Once upon a time there was a band called The Cream, so named because the trio’s members considered themselves the “cream” of the crop.
Of course, Eric Clapton has enjoyed a long career in the public eye. Far less Jack Bruce, Cream’s bassist and singer, and drummer Ginger Baker. By the time Richard Nixon took office, Cream was finished. The last reunion came in 2005, with shows at London’s Royal Albert Hall and Madison Square Garden in New York City.
Bruce died in 2014, and as Jay Bulger’s incredible documentary (above) attests, the fact that Baker is closing in on 80 years of age probably is more of a miracle than Keith Richards nearing 75.
‘Beware of Mr. Baker’: A Documentary about the Genius and Terror of Drummer Ginger Baker, by David Fricke (Rolling Stone; December 4, 2012)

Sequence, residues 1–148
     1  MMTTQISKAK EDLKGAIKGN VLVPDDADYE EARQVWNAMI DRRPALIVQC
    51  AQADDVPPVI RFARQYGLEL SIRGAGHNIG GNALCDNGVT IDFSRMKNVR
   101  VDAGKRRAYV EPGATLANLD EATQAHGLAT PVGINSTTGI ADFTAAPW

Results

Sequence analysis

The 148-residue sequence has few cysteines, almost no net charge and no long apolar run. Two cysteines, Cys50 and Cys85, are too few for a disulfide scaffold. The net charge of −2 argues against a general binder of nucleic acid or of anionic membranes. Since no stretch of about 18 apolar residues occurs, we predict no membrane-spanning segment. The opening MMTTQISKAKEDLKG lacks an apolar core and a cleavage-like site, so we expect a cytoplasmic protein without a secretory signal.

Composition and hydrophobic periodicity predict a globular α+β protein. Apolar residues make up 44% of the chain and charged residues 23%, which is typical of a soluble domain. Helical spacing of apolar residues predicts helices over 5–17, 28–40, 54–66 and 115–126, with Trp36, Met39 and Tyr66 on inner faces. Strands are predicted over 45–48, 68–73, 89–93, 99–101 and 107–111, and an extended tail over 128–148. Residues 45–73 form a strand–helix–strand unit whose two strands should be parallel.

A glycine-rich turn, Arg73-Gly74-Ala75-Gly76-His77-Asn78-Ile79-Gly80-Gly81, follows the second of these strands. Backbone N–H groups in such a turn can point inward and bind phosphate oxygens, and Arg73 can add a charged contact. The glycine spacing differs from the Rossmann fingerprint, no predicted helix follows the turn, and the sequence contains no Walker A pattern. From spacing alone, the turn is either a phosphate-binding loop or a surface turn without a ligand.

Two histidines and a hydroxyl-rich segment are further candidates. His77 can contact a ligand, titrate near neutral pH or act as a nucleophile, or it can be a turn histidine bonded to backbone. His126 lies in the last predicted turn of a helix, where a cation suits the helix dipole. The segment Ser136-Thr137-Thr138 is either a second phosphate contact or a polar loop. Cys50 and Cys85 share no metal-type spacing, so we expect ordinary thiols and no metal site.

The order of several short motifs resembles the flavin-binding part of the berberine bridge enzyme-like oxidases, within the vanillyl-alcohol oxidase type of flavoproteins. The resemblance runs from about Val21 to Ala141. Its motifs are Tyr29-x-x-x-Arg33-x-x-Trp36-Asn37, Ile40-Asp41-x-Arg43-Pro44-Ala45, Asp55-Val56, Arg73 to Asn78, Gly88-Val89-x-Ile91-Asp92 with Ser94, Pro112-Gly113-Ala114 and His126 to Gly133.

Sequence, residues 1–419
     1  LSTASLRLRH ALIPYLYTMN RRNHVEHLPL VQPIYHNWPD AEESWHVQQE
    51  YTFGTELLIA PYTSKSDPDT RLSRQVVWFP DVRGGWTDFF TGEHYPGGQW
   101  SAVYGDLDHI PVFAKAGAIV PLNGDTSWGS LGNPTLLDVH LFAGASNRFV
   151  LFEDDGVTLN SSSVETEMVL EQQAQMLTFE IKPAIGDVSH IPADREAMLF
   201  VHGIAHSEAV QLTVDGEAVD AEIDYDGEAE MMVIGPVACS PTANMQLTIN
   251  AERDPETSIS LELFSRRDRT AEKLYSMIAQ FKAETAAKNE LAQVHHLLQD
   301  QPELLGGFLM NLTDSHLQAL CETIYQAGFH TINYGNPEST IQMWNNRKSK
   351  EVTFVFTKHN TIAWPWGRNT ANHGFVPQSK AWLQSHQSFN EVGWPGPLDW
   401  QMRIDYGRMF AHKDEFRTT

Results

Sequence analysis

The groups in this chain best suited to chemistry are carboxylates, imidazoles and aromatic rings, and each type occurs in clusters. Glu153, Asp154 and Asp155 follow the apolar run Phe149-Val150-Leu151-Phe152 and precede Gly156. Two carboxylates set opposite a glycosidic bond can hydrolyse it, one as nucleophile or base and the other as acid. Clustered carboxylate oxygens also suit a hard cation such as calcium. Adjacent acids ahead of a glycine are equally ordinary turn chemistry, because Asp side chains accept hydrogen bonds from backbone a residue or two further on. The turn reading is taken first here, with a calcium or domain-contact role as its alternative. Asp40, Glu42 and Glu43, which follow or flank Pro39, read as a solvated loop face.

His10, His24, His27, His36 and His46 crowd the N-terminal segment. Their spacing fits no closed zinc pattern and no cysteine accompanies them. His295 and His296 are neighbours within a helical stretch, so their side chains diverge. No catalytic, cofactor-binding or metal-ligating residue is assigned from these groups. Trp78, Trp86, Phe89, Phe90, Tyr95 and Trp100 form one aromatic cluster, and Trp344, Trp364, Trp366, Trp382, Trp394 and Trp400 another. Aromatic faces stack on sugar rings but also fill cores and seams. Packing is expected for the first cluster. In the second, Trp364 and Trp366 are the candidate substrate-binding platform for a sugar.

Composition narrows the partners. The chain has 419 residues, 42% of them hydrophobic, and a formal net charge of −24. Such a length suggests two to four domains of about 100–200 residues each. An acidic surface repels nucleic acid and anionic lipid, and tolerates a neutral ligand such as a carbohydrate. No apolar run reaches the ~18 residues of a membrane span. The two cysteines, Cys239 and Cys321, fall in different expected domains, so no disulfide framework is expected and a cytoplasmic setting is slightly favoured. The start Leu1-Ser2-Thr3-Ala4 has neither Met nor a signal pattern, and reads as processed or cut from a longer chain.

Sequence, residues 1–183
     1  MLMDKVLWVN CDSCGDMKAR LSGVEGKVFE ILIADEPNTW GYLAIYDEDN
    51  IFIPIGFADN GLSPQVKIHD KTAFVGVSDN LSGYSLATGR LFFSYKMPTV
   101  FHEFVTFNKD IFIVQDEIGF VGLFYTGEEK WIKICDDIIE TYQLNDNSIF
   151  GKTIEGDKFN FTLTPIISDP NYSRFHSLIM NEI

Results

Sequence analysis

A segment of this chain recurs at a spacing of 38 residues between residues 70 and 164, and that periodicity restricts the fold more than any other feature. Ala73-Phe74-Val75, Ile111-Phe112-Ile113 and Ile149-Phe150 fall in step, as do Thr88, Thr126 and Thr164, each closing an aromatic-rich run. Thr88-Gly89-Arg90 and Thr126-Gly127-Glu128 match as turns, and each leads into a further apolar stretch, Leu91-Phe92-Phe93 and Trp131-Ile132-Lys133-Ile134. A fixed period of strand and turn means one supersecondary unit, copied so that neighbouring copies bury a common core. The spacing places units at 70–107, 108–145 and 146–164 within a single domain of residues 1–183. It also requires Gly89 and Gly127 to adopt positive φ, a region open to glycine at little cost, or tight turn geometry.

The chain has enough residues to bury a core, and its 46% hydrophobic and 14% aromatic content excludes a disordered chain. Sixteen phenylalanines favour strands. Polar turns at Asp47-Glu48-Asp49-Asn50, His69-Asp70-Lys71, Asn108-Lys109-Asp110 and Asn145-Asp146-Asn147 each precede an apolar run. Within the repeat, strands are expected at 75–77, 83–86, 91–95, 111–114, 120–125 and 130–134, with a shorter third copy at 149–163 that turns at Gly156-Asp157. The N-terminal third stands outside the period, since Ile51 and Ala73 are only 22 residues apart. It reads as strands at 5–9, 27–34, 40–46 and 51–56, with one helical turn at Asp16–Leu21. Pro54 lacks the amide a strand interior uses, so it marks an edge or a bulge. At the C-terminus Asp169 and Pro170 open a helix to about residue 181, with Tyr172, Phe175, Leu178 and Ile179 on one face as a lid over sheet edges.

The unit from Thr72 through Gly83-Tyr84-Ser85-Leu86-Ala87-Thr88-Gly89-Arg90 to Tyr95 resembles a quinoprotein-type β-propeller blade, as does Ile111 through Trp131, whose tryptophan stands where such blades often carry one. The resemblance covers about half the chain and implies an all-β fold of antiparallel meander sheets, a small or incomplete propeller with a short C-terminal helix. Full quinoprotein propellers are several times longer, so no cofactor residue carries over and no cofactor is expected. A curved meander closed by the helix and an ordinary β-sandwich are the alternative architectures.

The second-best rock documentary of the year, after the poignant comeback story Searching for Sugar Man, is that film’s wild opposite: a stranger-than-fiction portrait of the heroically talented, thoroughly misanthropic drummer Ginger Baker. Beware of Mr. Baker – directed by Jay Bulger and now playing at Film Forum in New York – covers the genius, terror and improbably long life of a man who hit the jackpot early, with Cream and Blind Faith, then repeatedly sabotaged his success, reputation and personal life with a hair-trigger temper, poor financial choices and a preference for drugs and exile over attachment and responsibility. The consequences dog him to this day.
For more on Bruce:
Jack Bruce: The Man Behind the Bass (BBC Two – ArtWorks Scotland)
The late Jack Bruce fronted the 1960s supergroup Cream alongside Eric Clapton and Ginger Baker and has played with everyone from Marvin Gaye to Jimi Hendrix and from Lulu to Lou Reed. ArtWorks Scotland tells the story of his life, from childhood in Scotland to global superstardom, through some of Jack’s favourite songs and with contributions from Eric Clapton, Ginger Baker, Flea of Red Hot Chilli Peppers and Adam Clayton of U2.